Season two of Schmigadoon!, dubbed Schmicago, is for a very specific type of theater kid—namely, the type who’d imagined what it would be like for Sally Bowles to make flower crowns with the Hair tribe, the Kit Kat Klub dancers to audition for A Chorus Line, and Sweeney Todd to collaborate with Miss Hannigan on a new ingredient. So yeah. If jazz hands and fishnet tights scare you, you’ve been warned. After spoofing the saccharine Golden Age musicals of the 1940s and ’50s in season one, Cinco Paul and Ken Daurio’s show, which kicks off its sophomore outing on April 5 on Apple TV+, spotlights the edgier, darker ones of the 1960s and ’70s.
In the season premiere, after returning to their real lives post-Schmigadoon, Melissa (Cecily Strong) and Josh (Keegan-Michael Key) are too touched, too moved, too changed by their experience. So the now-married couple dons their backpacks and goes out in search of Schmigadoon once more. Instead, they stumble upon Schmicago, a town full of seedy clubs, shady characters, and all that jazz. Martin Short returns as the Leprechaun, who mandates that they have to stay until they make a happy ending. Naturally, the two wind up at the center of the town drama, this time in the form of a murder mystery.
If the juxtaposition between season two’s grittiness and season one’s bright-eyed and bushy-tailed tributes to musicals like Brigadoon, Carousel, and Oklahoma! feels jarring, then the show has done its job. Musicals like Chicago, Cabaret, and Hair represented a change in the theatrical guard when they hit the scene, reflecting the fast-changing political and cultural landscapes of their times.
Yet despite the magnitude of these musicals when they premiered on Broadway, Schmigadoon! lovingly pokes fun at the self-seriousness of them, which is especially prevalent in a clear tribute to Sweet Charity’s “Big Spender.” What was seen as avant-garde half a century ago elicits shrugs from us nowadays. Still, if you can buy into the stakes, the world of Schmicago is sexy and seductive. The way the writers have cleverly woven together multiple musical motifs while peppering in as many winks as possible is genuinely impressive. The principal cast dazzles and delights, and it’s nicely rounded out by a dynamite ensemble.
In a nod to Pippin’s Leading Player and Cabaret’s Emcee, the audience is gifted Tituss Burgess as a narrator to guide us through the story, whose knack for camp, charm, and comedic timing elevate every scene he’s in. The other new principal cast member for season two is Broadway veteran Patrick Page, who seamlessly slips into his villainous character Octavious Kratt (an ode to Sweeney Todd’s Judge Turpin) with his booming bass voice and sinister facial expressions.
Returning cast members are back too, inhabiting new characters: Dove Cameron becomes Jenny Banks, in reference to Cabaret’s Sally Bowles; Jaime Camil is Sergeant Rivera, like Les Misérables’ Inspector Javert; Kristin Chenoweth is Miss Coldwell, Annie’s Miss Hannigan with the Cockney accent of Sweeney Todd’s Mrs. Lovett; Alan Cumming is Dooley Finn, almost identical to Sweeney Todd; Ariana DeBose stops by to do her thing as Cabaret’s Emcee; Ann Harada is Madam Frau, likened to Cabaret’s Fraüline Schneider; Jane Krakowski is Bobby Flanagan, in an homage to Chicago’s Billy Flynn, with some Roxie Hart overtones; and Aaron Tveit is now Topher, the leader of a tribe à la Hair and Godspell.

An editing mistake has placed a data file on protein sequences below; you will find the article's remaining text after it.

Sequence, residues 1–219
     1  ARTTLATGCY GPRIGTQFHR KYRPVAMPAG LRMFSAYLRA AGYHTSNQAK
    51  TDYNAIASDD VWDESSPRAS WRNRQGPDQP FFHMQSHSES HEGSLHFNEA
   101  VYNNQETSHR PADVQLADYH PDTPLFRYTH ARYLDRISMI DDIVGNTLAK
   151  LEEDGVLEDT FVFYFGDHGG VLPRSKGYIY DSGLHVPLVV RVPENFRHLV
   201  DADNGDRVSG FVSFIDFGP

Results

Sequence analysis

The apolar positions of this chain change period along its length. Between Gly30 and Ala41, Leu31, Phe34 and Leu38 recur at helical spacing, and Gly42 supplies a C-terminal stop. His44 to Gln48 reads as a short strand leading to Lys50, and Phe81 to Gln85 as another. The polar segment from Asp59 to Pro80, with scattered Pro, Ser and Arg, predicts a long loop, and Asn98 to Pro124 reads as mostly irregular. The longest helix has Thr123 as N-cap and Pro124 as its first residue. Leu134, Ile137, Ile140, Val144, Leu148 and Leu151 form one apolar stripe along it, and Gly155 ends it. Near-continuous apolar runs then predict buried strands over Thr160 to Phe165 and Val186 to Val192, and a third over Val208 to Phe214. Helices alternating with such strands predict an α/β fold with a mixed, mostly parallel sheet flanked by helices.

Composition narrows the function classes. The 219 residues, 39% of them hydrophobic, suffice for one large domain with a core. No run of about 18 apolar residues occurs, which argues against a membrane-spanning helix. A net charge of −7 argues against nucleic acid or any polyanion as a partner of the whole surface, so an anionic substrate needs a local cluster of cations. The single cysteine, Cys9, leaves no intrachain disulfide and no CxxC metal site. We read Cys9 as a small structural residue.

Phew. So. While all of the returners bring their musical-theater chops, Krakowski and Tveit end up shining the most. The former has an uncanny ability to be wholeheartedly invested in the world, but with a simple flutter of her eyelashes or sly grin, she lets us know that she is very much in on the joke—or, perhaps, that she even has a secret joke of her own. Tveit, whose resumé is filled with mostly serious, romantic leading men, proves that he has much more to offer, showcasing a strong understanding of farcical comedy with his playful performance.
The splendid scenic design and costume design bring in details that will make eagle-eyed fans squeal with glee, too. (Look for several buildings honoring the era’s iconic musical theater songwriters Fred Ebb, Jerry Herman, John Kander, Stephen Schwartz, and Stephen Sondheim, plus Hair tribe member Michael sporting a vest in the style of Les Misérables’ Enjolras.) And as for the music: After picking up an Emmy for season one’s “Corn Puddin’,” Paul once again skillfully captures the essence of the genre and time period here. There are plenty of catchy tunes to choose from, but a tribute to Company’s “You Could Drive A Person Crazy” is our vote for the standout.
If this all sounds like the show’s comedy comes from inside jokes and musical references, well, yes, a lot of it does. But luckily, Schmigadoon! doesn’t take itself too seriously, which adds to its charm and helps bring in the non-theater kids who might not get this kicker: Leave your fields to flower, leave your cheese to sour, and join us in the wonderful and whimsical world of Schmicago.
Schmigadoon! season 2 premieres April 5 on Apple TV+